In his 52 years working with the tuatara at the Southland Museum, Senior Living Species Officer Tuatara Lindsay Hazley QSM has better stories than most.
One of the standouts is when he strolled into the maternity ward at Southland Hospital, amidst several pregnant women, with pregnant tuatara Mildred, in order for her to have an ultrasound.
Mildred was egg-bound with about 16 eggs that he could see on an X-ray, but an ultrasound could show in real time just what was happening inside her. She would go on to lay all the eggs.
That’s just one of the memories Hazley will take with him when he retires this week.
Even from a young age, Queens Park appealed to him.
“When I was at Southland Boys’ High School, they’d send us on runs in the Park, and I’d stop, have a smoke and a cup of coffee, and wag school for the rest of the day,” he laughed.
When he began volunteering at the Southland Museum, before it became the pyramid, there were two tuatara in an upstairs enclosure – George and Stepanie.
The Trust Board had been writing to the Department of Internal Affairs every year since 1945 asking to add a live tuatara to its natural history exhibit, and finally, in 1960, they became kaitiaki of George.
“He was already an old tuatara when he arrived, but George looked so darn lonely, Museum Director at the time Arthur Mackenzie reckoned that they needed a girlfriend for him,” Hazley said. And so, in 1965, Stephanie was brought in.
What they didn’t account for, however, was that tuatara are very territorial, and George had spent such a long time by himself that when Stephanie arrived, he rejected her and the pair had to be separated.
Their disdain for each other didn’t last and the pair eventually mated. Unfortunately, George died two weeks later and in 1970 he was replaced by a tuatara now well-known to most – the same year Hazley officially became employed at the museum.
“They then decided to bring the monarchy into it – they named him Henry for Henry VIII. The plan was for Henry to have lots of wives,” Hazley said.
But again, Henry and Stephanie didn’t get along. So Mildred came to Southland, only to fight with Henry too.
When newbie Albert was brought in, Henry showed him the same welcome he’d given the other tuatara that arrived before him.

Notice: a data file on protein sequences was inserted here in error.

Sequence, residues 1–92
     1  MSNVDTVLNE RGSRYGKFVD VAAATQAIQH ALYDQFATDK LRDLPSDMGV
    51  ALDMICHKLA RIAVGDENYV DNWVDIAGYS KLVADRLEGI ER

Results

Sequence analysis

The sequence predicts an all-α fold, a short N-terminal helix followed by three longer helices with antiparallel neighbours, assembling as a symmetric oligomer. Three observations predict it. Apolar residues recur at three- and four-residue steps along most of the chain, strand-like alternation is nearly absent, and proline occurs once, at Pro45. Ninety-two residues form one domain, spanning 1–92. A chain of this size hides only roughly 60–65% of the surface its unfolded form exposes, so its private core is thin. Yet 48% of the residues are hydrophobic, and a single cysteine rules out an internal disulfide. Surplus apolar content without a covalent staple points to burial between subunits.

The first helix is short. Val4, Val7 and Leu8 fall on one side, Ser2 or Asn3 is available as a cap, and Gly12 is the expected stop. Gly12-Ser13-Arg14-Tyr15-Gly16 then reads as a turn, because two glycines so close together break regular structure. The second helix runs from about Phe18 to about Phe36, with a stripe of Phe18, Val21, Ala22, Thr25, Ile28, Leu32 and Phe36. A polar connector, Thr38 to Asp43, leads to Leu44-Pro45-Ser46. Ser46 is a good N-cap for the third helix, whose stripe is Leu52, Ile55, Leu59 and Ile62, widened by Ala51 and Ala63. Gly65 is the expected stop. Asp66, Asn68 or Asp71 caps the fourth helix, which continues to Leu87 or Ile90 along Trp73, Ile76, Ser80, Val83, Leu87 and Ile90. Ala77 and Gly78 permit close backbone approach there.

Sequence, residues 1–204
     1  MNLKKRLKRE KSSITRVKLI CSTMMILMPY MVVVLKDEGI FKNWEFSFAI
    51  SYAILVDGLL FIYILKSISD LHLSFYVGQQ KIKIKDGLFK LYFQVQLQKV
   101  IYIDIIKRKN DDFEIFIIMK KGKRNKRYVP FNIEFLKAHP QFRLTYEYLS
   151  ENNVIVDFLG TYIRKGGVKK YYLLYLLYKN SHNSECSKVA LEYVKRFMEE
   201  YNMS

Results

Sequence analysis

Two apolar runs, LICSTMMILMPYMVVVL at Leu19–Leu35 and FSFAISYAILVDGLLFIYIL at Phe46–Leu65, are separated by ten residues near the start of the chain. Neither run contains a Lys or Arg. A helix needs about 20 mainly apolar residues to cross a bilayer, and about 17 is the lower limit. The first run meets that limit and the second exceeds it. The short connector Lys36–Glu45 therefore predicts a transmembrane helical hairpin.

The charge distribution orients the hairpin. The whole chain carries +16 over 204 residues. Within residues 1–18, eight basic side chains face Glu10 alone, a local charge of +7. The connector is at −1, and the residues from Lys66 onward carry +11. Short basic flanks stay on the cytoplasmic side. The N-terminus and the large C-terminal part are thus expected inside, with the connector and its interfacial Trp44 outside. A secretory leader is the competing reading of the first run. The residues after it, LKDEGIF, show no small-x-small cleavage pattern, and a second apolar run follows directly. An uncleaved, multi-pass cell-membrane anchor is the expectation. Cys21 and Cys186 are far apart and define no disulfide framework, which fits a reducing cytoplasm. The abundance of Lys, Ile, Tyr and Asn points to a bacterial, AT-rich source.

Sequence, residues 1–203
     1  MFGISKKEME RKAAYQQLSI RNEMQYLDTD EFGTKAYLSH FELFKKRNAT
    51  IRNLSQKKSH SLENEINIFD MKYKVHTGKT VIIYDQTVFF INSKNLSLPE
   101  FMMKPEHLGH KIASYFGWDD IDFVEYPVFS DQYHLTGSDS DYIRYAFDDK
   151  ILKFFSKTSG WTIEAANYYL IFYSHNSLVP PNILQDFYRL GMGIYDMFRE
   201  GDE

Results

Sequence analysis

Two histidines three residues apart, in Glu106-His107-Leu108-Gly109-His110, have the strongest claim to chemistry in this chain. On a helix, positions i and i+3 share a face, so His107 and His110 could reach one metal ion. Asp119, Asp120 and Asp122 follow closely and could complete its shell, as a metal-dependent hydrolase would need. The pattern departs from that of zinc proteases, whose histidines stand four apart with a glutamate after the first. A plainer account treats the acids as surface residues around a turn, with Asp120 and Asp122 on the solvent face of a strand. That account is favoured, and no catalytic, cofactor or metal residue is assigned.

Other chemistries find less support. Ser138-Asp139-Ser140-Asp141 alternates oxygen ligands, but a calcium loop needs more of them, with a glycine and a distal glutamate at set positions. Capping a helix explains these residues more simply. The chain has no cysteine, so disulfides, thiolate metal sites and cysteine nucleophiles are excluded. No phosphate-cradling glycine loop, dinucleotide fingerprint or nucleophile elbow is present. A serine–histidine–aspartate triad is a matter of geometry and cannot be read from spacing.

“The two males fought like Trojans. I came back to work one day and Henry was over a wall, had a good tussle with Albert and there were gashes all over them. I couldn’t believe it – Henry was so unnaturally aggressive. No other tuatara had ever been that aggressive.”
As long as Henry had been at the museum he’d had a growth on his bum. As time went on it got bigger but no one knew what it was, Hazley said.
“It wasn’t until about 12 years ago that I said I was frightened of it getting infected because it wasn’t going away and it wasn’t retracting. So Henry had surgery and I held him the entire time.
“The growth was sent to the lab and the results showed some cells indicating epidermal cancer tumour.”
After Henry recovered, there wasn’t an ounce of the aggression that he had once shown.
Before long Hazley discovered Henry was feeling better than ever, taking a special interest in Mildred.
“For about two weeks, we had more than 250 media outlets from around the world – Israel, Japan, Egypt, everywhere – wanting to do interviews about the 111-year-old tuatara, who was finally ready to mate.”
With a lifetime of memories under his belt, one highlight he acknowledges is the breeding programme, which he is really proud of.
“Seeing the wee guys hatch – the babies – that was a real highlight. Other tuatara have hatched in captivity, but this was a natural process that I oversaw.”
Outside the museum, Hazley has been heavily involved in his community – being on the Arts Society, Astronomical Society, and Film Society boards. He was also elected onto the Southern Institute of Technology board as a public representative for six years.
“I was chairman of the building and chairman of staffing. I didn’t even have School Cert and I was in amongst these people with degrees and diplomas.
But now as Hazley’s time with the tuatara and museum comes to a close, he is sad to not only leave a close team that are good to work with but also his little prehistoric friends.
“They’re not like a cuddly pet, but I am emotionally attached to them all.
“But I am looking forward to being my own boss, to do what I want, when I want.”
Council Manager Parks and Recreation Caroline Rain said Hazley’s contribution to the understanding and care of tuatara was both immense and irreplaceable.
“Lindsay leaves a rich legacy of knowledge that has made such a difference to Aotearoa’s understanding of tuatara and what helps them thrive.
“He will be hugely missed, not just by his colleagues but Henry, Mildred, Lucy, and the other tuatara that have come to know him as their guardian. We wish Lindsay all the best in his retirement, and we give him our word that we will love and protect the tuatara just as he has done.”
Hazley finishes up with the Parks team on Friday.